February 9, 2012

THE WORLD'S RICHEST INDIAN:

The Mystery Monk Making Billions With 5-Hour Energy (Clare O'Connor, Feb. 27, 2012, Forbes magazine.

In one corner of Manoj Bhargava's office is a cemetery of sorts. It's a Formica bookcase, its shelves lined with hundreds of garishly colored screw-top plastic bottles not much taller than shot glasses. Front and center is a Cadillac-red bottle of 5-Hour Energy, the two-ounce caffeine and vitamin elixir that purports to keep you alert without crashing. In eight years 5-Hour has gone from nowhere to $1 billion in retail sales. Truckers swear by it. So do the traders in Oliver Stone's 2010 sequel to Wall Street. So do hungover ­students. It's $3 a bottle, and it has made Bhargava a fortune.

His company, Living Essentials, is the biggest player by far in the ­energy-shot market, and not because 5-Hour is so delicious. Chalky cough syrup is more like it. The reason Bhargava has won is that he plays tough. Sitting in that cemetery are a dozen or so neon copycats with names like 6-Hour Power and 8-Hour Energy. Each has been sued, bullied or kicked off the market by Living Essentials' lawyers. In front of each are little placards with a skull and crossbones drawn in felt-tip pen. Bhargava points at the gravestone of one of his late competitors and says with a chuckle, "Rest in peace."

The privately held Living Essentials doesn't report revenue or profits, but a source with knowledge of its financials says the company grossed north of $600 million last year on that $1 billion at retail. The source says the company netted about $300 million. Checkout scan data from research firm SymphonyIRI say that 5-Hour has 90% of the energy-shot market. Its closest competitor, NVE Pharmaceuticals' Stacker brand, has just over 3%.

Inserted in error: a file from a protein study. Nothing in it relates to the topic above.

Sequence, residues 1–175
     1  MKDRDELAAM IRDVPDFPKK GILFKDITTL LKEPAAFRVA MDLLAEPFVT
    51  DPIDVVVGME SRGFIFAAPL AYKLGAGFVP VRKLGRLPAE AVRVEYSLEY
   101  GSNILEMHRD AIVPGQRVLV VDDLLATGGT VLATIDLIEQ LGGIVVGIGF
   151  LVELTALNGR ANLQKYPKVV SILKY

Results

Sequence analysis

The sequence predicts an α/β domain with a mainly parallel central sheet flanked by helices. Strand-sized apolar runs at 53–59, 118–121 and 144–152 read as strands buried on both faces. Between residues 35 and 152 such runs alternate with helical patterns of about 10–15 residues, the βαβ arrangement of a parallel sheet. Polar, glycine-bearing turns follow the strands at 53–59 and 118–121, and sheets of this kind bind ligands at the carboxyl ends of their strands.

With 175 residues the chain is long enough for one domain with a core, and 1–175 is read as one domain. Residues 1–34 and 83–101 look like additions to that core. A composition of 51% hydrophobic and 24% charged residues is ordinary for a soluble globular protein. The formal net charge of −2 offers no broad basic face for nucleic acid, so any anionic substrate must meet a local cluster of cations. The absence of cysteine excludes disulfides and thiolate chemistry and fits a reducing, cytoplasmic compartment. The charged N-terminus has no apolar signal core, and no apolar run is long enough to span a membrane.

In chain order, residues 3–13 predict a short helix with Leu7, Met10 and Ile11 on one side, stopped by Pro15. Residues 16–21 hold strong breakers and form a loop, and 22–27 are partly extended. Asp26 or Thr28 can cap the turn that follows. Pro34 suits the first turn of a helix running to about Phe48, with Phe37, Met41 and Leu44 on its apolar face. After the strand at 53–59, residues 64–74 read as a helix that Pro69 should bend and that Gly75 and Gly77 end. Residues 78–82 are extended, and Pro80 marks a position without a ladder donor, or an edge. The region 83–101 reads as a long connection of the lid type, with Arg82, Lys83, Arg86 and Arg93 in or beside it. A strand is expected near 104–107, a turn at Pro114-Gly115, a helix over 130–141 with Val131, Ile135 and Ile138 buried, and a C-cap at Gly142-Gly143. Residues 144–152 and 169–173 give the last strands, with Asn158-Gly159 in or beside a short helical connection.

Yet Bhargava, 58, is so under the radar that he barely registers on Web searches. His paper trail is thin, consisting primarily of more than 90 lawsuits. This is his first press interview. "I'm killing it right now," he says, adjusting a black zip-up cardigan from behind the table of a soulless conference room in a beige low-rise building in a suburban business park in Farmington Hills, Mich. "But you'll Google me and find, like, some lawyer in Singapore."

Vague and inscrutable is how ­Bhargava likes things. The names of 5-Hour's parent company, Living Essentials LLC, and that company's parent firm, Innovation Ventures, are purposely bland. "They were intended as placeholders, and they stuck," he says, smiling.

Colleagues and acquaintances uniformly describe Bhargava as "humble," and he seems proud of his frugal lifestyle: his ancient flip phone, his cheap office furniture, the modest two-story home he shares with his wife and 20-year-old son. Yet, over vegetarian lasagna at Antonio's, his favorite strip-mall Italian joint off Detroit's Twelve-Mile Road, Bhargava says, apropos of nothing: "I'm probably the wealthiest Indian in America."

The rise of 5-Hour began in the spring of 2003, when Bhargava found himself at a natural products trade show in Anaheim, Calif. At one booth the sales reps peddled a 16-ounce concoction claiming to boost productivity for hours. Bhargava took a swig. "For the next six or seven hours I was in great shape," he says. "I thought, Wow, this is amazing. I can sell this."

Right away, though, he knew 16 ounces wouldn't sell. He didn't want to compete with Red Bull, at the time new to the market. Nor did he want to share fridge space with Coke or Pepsi. "I thought, If I'm tired, am I also thirsty? Is that like having a headache and a stomachache? It didn't make any sense." He glanced at the ingredients label and made a mental note. Six months later his version was on the shelves, two ounces of ­caffeine-infused B vitamins such as niacin mixed with acids like taurine.
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Posted by at February 9, 2012 6:38 AM
  

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